Reaching Educators, Students, and Their Communities

Attention Educators

Interested in free programs for 5th graders and up? Find out more »

The Center’s education department interprets the research of our scientists. Our programs are multidisciplinary and oriented to a wide audience. We hope that through exposure to our programs and information, people will be motivated to become responsible stewards of freshwater resources.

The Center’s educators have developed extensive resources for educating adults and students grades 4 and up about watersheds and their importance. On-site visits to the Center, off-site programs at schools, educator workshops, and programs for community and conservations groups are just some of the available options.

Questions? Please use the menu on the left to learn more about our programs. For more information or to schedule a program, contact our educators.

What’s New

Did You Know Trout Grow On Trees?

Stroud Water Research Center presents a new school program called Trout Grow on Trees to connect the benefits of streamside trees to fish and other stream life.

Complimenting Trout in the Classroom and tree planting activities, or simply on its own, this hands-on program will engage students in understanding why “fish eat the insects, on the leaves, that come from trees!”

To learn how to bring Trout Grow On Trees program to your school, contact Tara Muenz, Education Programs Manager, at 610-268-2153 ext. 301,

Students identifying macroinvertebrates

Photo: Charlie Graham

Leaf Pack Connects Students with Nature

A partnership between Stroud Water Research Center and National Wildlife Federation (NWF) is helping more students and teachers connect with nature and investigate their local stream ecosystems using the Leaf Pack Experiment Stream Ecology Kit.

Developed by the Center, the Leaf Pack Experiment Stream Ecology Kit is a hands-on scientific stream-testing kit that measures the numbers and kinds of insects and other invertebrates in streams to determine overall water quality. It enables schoolchildren to explore nature as they learn about stream ecology and how to monitor their local freshwater sources.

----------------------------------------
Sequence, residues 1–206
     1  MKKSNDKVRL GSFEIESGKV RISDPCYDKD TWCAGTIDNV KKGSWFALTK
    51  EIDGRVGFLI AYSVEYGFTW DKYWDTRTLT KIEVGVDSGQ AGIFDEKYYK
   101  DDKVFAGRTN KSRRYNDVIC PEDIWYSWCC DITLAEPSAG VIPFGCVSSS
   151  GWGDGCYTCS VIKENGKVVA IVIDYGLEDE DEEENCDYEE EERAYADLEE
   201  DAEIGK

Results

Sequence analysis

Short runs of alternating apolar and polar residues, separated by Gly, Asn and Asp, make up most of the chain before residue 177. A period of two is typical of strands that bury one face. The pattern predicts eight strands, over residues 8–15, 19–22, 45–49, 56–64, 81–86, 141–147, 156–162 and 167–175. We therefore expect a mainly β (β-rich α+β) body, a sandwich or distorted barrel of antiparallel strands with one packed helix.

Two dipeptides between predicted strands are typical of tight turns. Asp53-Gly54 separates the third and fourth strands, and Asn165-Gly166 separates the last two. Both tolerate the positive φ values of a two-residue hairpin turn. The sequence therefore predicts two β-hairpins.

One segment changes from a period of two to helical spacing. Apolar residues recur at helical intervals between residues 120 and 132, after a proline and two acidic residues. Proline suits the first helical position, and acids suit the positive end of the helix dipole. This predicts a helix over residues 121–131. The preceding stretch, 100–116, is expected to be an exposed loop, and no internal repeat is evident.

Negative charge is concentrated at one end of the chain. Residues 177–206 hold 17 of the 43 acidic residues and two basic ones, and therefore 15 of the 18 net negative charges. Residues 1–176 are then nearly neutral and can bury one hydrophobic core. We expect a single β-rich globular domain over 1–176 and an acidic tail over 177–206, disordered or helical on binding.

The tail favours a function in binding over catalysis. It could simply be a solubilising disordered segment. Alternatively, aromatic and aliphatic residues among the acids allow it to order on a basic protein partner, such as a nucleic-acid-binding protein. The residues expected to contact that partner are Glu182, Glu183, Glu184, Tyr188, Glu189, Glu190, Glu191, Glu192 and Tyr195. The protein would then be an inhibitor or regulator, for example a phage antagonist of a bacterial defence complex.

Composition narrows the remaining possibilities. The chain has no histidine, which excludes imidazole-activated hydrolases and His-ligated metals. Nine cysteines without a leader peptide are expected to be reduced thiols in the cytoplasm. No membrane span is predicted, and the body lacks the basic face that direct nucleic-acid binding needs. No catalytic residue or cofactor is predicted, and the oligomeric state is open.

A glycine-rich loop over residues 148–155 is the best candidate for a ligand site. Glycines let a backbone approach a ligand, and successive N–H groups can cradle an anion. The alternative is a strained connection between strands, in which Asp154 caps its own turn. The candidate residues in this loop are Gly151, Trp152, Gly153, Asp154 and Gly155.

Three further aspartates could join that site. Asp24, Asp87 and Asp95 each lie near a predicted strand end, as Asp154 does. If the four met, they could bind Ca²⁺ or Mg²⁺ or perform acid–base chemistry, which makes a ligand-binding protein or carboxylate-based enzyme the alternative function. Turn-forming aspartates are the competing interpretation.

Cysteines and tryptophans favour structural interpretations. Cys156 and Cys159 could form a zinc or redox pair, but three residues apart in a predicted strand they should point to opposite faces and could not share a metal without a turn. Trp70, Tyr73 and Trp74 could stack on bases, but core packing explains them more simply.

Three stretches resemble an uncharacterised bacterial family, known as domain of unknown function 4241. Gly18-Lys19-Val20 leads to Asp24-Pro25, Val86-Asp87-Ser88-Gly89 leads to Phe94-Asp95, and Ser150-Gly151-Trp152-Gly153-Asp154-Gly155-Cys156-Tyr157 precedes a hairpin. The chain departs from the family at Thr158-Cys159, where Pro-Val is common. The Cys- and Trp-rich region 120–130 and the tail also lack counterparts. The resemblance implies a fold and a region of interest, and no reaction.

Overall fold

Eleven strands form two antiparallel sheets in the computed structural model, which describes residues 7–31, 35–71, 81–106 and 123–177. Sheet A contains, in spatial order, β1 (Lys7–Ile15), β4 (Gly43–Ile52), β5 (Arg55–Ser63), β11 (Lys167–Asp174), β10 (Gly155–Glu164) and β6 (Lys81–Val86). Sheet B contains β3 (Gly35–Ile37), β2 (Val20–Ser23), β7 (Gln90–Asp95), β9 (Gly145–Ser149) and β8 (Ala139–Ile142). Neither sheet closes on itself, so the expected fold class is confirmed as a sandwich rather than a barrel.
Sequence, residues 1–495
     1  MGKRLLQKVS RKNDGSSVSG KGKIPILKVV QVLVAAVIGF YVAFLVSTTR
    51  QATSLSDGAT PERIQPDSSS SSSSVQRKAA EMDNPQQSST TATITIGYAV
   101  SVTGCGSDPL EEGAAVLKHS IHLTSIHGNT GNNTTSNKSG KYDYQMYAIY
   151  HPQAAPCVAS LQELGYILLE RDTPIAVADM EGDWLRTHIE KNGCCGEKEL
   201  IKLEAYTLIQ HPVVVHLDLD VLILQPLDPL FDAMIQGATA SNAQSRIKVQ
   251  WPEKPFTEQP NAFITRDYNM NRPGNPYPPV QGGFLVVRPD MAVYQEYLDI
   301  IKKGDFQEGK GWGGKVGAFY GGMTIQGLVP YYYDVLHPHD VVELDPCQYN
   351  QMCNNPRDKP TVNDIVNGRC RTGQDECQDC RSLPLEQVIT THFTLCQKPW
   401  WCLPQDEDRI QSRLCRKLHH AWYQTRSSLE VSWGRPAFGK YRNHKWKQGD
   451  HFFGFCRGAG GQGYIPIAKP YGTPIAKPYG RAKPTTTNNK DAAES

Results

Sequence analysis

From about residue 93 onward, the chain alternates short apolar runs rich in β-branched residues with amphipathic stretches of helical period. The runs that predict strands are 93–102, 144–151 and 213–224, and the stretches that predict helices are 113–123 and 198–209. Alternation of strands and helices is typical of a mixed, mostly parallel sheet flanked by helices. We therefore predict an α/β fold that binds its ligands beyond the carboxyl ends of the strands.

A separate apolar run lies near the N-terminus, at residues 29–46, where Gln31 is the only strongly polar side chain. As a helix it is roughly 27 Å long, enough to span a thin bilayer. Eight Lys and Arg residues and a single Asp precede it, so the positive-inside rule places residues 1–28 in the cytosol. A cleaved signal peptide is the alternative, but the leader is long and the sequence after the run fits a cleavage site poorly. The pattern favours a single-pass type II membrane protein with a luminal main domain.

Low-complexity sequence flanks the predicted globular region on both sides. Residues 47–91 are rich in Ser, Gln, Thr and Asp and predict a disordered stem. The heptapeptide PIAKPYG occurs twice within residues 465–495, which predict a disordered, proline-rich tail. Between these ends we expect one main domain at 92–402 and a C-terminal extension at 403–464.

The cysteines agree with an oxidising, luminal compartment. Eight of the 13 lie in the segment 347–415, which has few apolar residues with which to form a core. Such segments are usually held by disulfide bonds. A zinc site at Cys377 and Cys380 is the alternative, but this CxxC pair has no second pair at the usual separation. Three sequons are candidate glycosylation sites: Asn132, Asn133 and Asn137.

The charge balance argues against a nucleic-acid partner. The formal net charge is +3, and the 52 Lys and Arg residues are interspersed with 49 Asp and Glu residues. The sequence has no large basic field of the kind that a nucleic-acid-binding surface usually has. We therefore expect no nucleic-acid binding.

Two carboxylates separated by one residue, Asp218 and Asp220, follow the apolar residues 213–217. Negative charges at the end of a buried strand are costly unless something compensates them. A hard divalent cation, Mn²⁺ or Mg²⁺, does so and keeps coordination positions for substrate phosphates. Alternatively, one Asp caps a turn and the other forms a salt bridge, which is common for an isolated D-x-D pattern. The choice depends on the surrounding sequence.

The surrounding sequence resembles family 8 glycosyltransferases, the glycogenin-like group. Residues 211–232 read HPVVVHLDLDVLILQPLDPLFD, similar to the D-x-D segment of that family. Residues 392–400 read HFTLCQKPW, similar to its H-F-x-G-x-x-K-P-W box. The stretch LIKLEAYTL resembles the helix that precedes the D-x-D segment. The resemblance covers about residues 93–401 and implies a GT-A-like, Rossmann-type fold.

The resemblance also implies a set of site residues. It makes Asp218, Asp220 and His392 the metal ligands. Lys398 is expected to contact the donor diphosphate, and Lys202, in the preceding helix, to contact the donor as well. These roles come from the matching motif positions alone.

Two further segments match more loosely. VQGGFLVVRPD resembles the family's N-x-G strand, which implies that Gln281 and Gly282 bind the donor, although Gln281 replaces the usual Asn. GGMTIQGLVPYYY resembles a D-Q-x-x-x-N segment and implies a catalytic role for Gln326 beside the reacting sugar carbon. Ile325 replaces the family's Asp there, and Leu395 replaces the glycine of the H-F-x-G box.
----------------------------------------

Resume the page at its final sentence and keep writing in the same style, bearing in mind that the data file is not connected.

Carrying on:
“Students have an innate sense of curiosity about and desire to explore the natural world,” said Kevin Coyle, vice president of education at National Wildlife Federation. “The Leaf Pack Experiment encourages students to go outside and explore the streams in their backyard, learning as they go about the health of their local environment. It’s a terrific educational tool for schools and families.”

The Leaf Pack Experiment involves creating a retrievable pack of dry leaves in a mesh bag, placing the pack in the stream for three to four weeks, examining the pack in the classroom and discovering and counting the different types of aquatic insects that, in turn, help indicate stream health. After conducting their own Leaf Pack Experiment, schools share data through the Leaf Pack Network®. These data shed light on the important connection between streamside forests and the ecology of rivers and streams.

“The Leaf Pack Experiment is an exciting way to promote better stewardship of watersheds by engaging students and the lay public in the issue of how land use affects aquatic systems and water quality,” said Bern Sweeney, director and president of Stroud Water Research Center.

Have You Heard About WikiWatershed?


WikiWatershed™ is a suite of web-based tools to assist citizens in managing water resources.

When fully developed, it will leverage open source software and will function as an open collaborative resource for the community, enabling users to share geographically-tagged data, photos, videos, comments, educational curricula, simulation models and other tools on streams and rivers.

Learn more at

You can reduce your carbon footprint with wise landscape choices.

Your Livable Landscape: Cultivating an Ecosystem Esthetic

Scientists and educators at Stroud Water Research Center and Longwood Gardens and colleagues including landscape professionals, a civil engineer, and an architect want you to know why your landscape choices are so important and how you can make a difference for the planet in your own garden.

The Livable Landscape web pages will take you through the changing notions of the ideal landscape and explain the science behind an Ecosystem Esthetic. Lastly, you’ll visit a photo gallery with beautiful examples of livable landscapes. Get started »

Tatnall School was among the first to visit our new education facility. Photo: Dave Arscott.

Students and Teachers See Stormwater Management in Action

As they helped plan the new education facilities, the education department kept in mind that sometimes the things most remembered are not what are spoken but what are lived.

Read more in Upstream Newsletter, Reducing Our Footprint and Other Ways We Live Our Mission